You’ll want to know whether or not traffic is coming from pay-per-click ads or an email list. By measuring how people get to your website, you gain invaluable insights into where your audience likes to hang out and the types of content they want to engage with.
Once again, the best way to measure traffic sources is through GA4. Using the segments and free explore reports, you can even break down which pages, in particular, attain traffic from which sources. To improve the content you make for the audiences you desire, measuring traffic sources is a content marketing metric you must pay attention to.
6. Content Shares
Social media marketing is complicated, and there are plenty of controversies about how each platform tracks its metrics. One indisputable metric is content shares. This measurement allows you to identify which of your content resonates with users so much that they want others to view it.
There are a couple of methods available to measure content shares. First, WordPress offers plugins allowing readers to share articles directly on social media. It’s easy for site owners to implement and use. These plugins include analytics highlighting how often people are sharing an article.
If you’re using Twitter or Facebook, shares are the sole analytic tool to track how users spread your content to their audiences. The aim should always be to identify what’s working, what’s not, and adapt from there.
Also, look through your GA4 reports to see if any other unique traffic sources, such as Mix or Reddit, pop up for you. The internet is so large there is no limit to the variety of expected and unexpected places your content may be shared.
7. Open Rate & Click Through Rate
Regarding email marketing, you need to measure two key content marketing metrics: open rate and click-through rate. Open rate is the number of times users have opened your emails, whereas click-through rate tells you how many users engaged with your content.
The open rate is beneficial when identifying whether or not the content is getting delivered to inboxes (versus spam folders) and which content your readers want to know more about.
The next important email marketing metric is click-through rate. Once a user opens an email, you will want to know if they are interested in moving through your sales funnel. Click-through rate provides the data of people interacting with the content of your email and visiting your website.
You will have to rely on information collected by your email distribution platforms to track this data. All major distributors provide this information, whether you’re on a free or paid subscription plan.
Ever wonder how a competitor’s webpage with the same type of content, number of images, and keywords ranks above you? More often than not, it’s because of backlinks.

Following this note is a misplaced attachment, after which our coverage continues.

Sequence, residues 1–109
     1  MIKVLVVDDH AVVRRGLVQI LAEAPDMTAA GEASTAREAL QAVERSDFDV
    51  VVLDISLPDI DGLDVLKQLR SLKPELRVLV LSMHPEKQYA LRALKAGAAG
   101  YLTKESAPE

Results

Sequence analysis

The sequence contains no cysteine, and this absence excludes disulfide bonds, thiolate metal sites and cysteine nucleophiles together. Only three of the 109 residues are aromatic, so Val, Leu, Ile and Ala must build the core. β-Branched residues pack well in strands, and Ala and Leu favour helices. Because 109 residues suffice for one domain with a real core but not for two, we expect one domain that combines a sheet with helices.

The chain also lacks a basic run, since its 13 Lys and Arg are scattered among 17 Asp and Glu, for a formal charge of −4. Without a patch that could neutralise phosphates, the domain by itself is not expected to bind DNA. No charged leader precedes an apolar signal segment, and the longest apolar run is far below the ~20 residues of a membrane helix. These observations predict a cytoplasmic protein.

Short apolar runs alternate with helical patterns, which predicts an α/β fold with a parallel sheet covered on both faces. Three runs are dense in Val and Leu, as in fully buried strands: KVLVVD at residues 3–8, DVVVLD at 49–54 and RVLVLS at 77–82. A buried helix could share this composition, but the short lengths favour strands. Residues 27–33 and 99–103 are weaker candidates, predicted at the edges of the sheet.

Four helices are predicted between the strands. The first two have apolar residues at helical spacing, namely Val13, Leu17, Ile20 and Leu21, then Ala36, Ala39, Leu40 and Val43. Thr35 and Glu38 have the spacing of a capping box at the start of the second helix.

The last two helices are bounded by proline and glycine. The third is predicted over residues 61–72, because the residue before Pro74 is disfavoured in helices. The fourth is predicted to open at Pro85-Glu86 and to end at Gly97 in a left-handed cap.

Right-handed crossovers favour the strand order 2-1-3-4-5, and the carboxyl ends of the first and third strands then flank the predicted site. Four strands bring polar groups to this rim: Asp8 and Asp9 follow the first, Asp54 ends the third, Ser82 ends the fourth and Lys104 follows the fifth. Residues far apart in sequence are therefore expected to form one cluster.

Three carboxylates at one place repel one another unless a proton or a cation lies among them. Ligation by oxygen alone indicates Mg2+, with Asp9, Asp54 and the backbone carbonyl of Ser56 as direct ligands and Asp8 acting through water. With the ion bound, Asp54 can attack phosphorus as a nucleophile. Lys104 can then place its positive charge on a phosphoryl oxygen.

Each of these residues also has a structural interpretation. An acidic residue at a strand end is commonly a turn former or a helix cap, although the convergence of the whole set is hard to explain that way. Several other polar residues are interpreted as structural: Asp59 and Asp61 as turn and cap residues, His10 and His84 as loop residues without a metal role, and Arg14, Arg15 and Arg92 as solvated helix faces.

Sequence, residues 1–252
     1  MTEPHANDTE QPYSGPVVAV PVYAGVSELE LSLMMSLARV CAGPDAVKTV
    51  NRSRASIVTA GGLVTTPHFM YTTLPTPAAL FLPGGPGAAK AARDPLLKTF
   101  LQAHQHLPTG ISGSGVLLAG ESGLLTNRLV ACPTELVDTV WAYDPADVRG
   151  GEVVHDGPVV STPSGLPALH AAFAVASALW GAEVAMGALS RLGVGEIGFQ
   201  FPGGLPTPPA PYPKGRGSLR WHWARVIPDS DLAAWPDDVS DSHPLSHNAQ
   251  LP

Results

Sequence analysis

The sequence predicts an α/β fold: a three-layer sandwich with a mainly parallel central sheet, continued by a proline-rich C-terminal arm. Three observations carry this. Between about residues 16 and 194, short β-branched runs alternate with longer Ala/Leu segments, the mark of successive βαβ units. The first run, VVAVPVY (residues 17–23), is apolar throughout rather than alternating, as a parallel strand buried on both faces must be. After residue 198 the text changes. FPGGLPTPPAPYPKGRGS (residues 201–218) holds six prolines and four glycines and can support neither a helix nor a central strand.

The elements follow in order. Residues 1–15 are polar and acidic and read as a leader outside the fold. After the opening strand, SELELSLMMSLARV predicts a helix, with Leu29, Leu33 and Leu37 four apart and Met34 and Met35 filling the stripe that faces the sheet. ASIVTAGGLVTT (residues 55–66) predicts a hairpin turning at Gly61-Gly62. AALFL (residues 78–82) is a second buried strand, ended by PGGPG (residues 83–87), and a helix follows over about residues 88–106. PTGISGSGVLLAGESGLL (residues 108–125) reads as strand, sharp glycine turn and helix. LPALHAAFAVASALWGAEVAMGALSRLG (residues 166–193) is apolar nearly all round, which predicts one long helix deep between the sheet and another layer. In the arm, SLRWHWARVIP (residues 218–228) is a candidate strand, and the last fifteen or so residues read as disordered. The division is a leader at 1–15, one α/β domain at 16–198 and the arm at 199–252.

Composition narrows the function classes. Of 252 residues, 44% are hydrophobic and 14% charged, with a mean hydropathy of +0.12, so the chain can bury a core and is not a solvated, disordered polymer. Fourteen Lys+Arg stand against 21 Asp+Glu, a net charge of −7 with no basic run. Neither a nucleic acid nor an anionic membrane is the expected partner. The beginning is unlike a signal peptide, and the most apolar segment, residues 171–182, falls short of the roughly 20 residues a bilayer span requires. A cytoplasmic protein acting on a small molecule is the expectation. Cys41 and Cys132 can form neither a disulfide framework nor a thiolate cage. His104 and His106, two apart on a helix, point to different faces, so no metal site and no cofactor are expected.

Backlinks are how Google establishes how trustworthy, valuable, and authoritative your web pages are. Whenever someone else links to one of your pages, that’s a backlink. Some backlinks are worth more than others: a link from USA Today will count for much more than a link from a regular Joe’s blog.
Consider backlinks a personal “vouching” from another website. They believe your content is worthy of others reading it; thus, they “vouch” for your authority. The more (and better) backlinks your content has, the more likely it will shoot up the Google rankings.
9. Time on Page
“Time on page” refers to how long someone spends on a webpage before leaving. When creating blog content, more often than not, the goal is to keep readers interested throughout the piece, thus leading them to spend more time on your site (and be introduced to more content, calls-to-action, and branding).
The longer someone interacts with your content, the better.
Across all industries, the average time on a page is 54 seconds. First, use GA4 to track how long someone stays on your content, and for an even better view, create a new report broken down into content hubs to find specific areas of your content that are working better than others.
*Note: Time on page is a valuable metric but becomes invaluable when paired with services like Clarity or Hotjar. These tools allow you to watch people interact with your website to see how far they get before moving on.
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The best way to improve your content marketing is by analyzing your content marketing metrics to determine what’s working and what’s not. That’s why The Loop Marketing’s data–driven content marketing services provide you and your business with unique content on the right channels delivered to the perfect audience.
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Ready to upgrade your digital marketing? Schedule a free consultation with The Loop Marketing, and get started today.